Using a Timer to Instantly Boost Productivity

It's about Time

Trying to get myself organized this month, working on productivity tips, and effective time management in the face of hilarious executive function skills.

I’ve said before that I’m a collector of productivity habits and tactics and skills and haven’t been able to get any of them to stick. I may sometimes even stick with a system for months and then it all unravels catastrophically.

And I suspect that’s because I haven’t gotten into using a timer consistently.

Using a Timer

using a timer

For people with executive dysfunction, whether from ADHD, ASD, or anything else (or even many neurotypical people with certain specific tasks), one of the biggest roadblocks for us is that we don’t even realize that time is passing. Using a timer is a way to offload this from our brain, which is absolute shit at this task, to an external tool.

What Timer?

The most obvious answer is to use the timer on your phone, or on your watch/fitness tracker if you have such a thing. But if you’re at home and have an Echo or Google Home device (such as the one you can get for free as a Spotify subscriber) you can totally just ask out loud to set a timer for you. 

Voice assistants on your phone (like Google or Siri) can do the same thing if you have them enabled.

And, this may sound wild, but they also make these things, usually for the kitchen, where you can set a certain amount of time and when that time is up they ring. For some people, the low-tech egg timer is perfect for these short little blocks.

For Hyperfocus

If you sit down to play the Sims for an hour, guarantee that you won’t look at the clock again until three and a half hours later. 

But if you set a timer for forty-five minutes, you’ll actually know when your time is almost up and can start to wrap things up. Don’t forget to set another timer for the last 15 minutes! 

If you want to limit the amount of time you engage with something you know can trigger your hyperfocus, do not turn off your timer until you are completely done with the task.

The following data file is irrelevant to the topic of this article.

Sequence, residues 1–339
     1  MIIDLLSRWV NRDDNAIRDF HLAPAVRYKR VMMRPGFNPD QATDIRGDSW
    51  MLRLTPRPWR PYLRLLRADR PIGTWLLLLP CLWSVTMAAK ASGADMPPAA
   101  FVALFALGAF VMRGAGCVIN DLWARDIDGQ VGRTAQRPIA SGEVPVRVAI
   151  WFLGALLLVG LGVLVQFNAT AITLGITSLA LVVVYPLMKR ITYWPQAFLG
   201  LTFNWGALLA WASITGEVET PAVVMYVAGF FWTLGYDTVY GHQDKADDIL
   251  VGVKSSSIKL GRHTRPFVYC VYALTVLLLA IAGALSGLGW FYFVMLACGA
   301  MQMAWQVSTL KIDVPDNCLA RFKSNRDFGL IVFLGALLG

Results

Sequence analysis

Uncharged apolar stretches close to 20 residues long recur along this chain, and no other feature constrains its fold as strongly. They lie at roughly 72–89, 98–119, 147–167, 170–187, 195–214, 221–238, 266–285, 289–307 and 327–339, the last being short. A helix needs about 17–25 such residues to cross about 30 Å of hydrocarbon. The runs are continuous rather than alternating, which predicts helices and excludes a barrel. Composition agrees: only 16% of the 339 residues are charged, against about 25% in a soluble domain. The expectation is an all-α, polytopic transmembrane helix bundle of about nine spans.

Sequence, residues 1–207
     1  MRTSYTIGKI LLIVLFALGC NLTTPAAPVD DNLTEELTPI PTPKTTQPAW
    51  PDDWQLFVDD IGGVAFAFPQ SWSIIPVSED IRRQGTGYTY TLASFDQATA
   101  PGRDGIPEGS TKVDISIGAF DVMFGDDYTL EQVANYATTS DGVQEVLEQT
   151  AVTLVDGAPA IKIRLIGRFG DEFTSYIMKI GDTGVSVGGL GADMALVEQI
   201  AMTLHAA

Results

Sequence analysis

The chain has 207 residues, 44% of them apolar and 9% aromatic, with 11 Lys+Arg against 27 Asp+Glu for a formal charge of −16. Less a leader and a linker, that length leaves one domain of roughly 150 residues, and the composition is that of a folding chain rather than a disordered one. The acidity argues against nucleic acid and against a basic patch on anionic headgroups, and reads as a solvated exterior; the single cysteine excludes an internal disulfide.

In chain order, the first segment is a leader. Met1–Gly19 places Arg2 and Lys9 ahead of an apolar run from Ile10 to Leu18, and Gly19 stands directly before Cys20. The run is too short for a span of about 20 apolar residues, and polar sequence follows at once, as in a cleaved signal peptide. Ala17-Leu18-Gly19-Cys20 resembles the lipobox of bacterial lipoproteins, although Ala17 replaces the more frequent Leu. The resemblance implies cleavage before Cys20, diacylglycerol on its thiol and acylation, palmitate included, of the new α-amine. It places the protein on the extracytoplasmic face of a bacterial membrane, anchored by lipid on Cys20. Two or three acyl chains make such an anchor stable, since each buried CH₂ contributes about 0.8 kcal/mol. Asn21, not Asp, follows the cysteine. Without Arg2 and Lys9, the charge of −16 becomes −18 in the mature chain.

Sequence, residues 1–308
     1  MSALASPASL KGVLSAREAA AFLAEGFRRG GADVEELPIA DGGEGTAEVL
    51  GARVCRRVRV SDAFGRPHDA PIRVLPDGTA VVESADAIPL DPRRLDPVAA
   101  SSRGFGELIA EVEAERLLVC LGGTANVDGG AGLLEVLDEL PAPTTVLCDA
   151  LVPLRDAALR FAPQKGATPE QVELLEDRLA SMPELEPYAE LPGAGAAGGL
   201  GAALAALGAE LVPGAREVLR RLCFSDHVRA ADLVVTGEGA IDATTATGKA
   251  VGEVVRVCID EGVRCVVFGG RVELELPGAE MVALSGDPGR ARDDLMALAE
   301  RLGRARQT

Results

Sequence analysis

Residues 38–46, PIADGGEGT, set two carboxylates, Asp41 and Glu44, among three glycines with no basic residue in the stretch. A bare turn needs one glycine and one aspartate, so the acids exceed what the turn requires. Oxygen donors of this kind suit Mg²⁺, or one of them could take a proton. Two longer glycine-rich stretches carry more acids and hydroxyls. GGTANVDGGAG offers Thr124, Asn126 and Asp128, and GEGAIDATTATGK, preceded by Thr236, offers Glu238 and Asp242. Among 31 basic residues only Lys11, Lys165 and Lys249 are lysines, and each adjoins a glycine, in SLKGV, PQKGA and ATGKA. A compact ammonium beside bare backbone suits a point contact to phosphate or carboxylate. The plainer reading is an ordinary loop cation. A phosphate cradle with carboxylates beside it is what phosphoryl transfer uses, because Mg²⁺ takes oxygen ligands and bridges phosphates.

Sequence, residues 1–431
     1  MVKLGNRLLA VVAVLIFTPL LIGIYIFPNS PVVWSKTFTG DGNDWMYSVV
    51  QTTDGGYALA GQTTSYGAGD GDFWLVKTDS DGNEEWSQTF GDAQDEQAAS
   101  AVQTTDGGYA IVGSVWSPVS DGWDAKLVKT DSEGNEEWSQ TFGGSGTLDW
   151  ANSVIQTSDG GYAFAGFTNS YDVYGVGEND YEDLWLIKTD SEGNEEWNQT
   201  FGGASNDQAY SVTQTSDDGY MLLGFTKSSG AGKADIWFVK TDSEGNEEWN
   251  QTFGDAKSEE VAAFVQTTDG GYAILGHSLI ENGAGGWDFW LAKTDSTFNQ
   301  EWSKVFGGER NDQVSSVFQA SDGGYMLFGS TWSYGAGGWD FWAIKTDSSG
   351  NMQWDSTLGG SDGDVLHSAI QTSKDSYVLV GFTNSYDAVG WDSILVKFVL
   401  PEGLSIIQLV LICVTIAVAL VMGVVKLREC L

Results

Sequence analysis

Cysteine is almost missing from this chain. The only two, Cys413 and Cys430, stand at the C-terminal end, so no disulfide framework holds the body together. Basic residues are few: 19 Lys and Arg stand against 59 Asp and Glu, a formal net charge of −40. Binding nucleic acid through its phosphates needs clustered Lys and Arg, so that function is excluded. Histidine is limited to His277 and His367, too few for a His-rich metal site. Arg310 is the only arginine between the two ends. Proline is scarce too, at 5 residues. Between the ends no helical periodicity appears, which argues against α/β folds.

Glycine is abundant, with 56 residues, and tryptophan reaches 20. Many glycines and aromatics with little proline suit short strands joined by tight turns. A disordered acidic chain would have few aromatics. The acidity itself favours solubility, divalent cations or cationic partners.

Even if you go over your one hour limit, keep snoozing the alarm every 10 minutes until you actually close the game and move on to your next task. You need the reminder that time is still passing and to know how long you actually did play.

For Procrastination

Using a timer isn’t limited just to the things that you have a hard time stopping, but also the things you have a hard time starting.

What kinds of goals do you have? For me the big one is housework, but family time is huge too. Set a timer for 15-20 minutes every single day for “decluttering” where you go through and pick up anything you see that isn’t where it’s supposed to be. 

When the timer stops, you stop. Spend those 15 minutes totally engrossed in gathering everything you can as fast as you can and don’t worry about putting everything away one at a time. (It’s basically NaNoWriMo for cleaning. Just clean, don’t edit.)

Feel free to set the timer a few times a day. 15 minutes four times a day is far more palatable for me than spending a whole hour focused on general “cleaning” as a nebulous project.

I also like to set a timer for reading to the kids, or playing with my gal Friday. That’s a time when I put my phone aside and don’t worry about anything else at all. I give myself 100% to my kids for that period and let them guide what we play.


One other alternative, or possibly first step, is to actually use a stopwatch instead of a timer at first. That’s a great way to help yourself learn how long your tasks actually take. That’s how I learned recently that unloading the dishwasher – a task my brain absolutely abhors – actually only takes me literally three minutes.

Figure out how long things actually take so you know how long to set your timers.

Scheduling Down Time

As a corollary to using a timer, all of us (including NTs) have those things that just suck us in (I’m looking at you Facebook) and an excellent way of dealing with this – without trying to restrict ourselves or cutting off our social media altogether – is to schedule time for these things. 

Put it on your calendar if you can. If you have kids home with you all day though and need to be responsive, just write down your goals: maybe one hour of Facebook a day. Write it down and then give yourself 30 minutes two times a day. 

Set that timer and make sure you’re doing the things you want to do the amount that you want to do them.

Your thoughts?

These days we have a zillion things working really hard to steal our time and attention and in the end, all these ideas are ways for you to reclaim your time to be used the way you want it.

Let me know if you ever use timers in these ways. Hit me up in the comments or on Discord!

All that Nerdish

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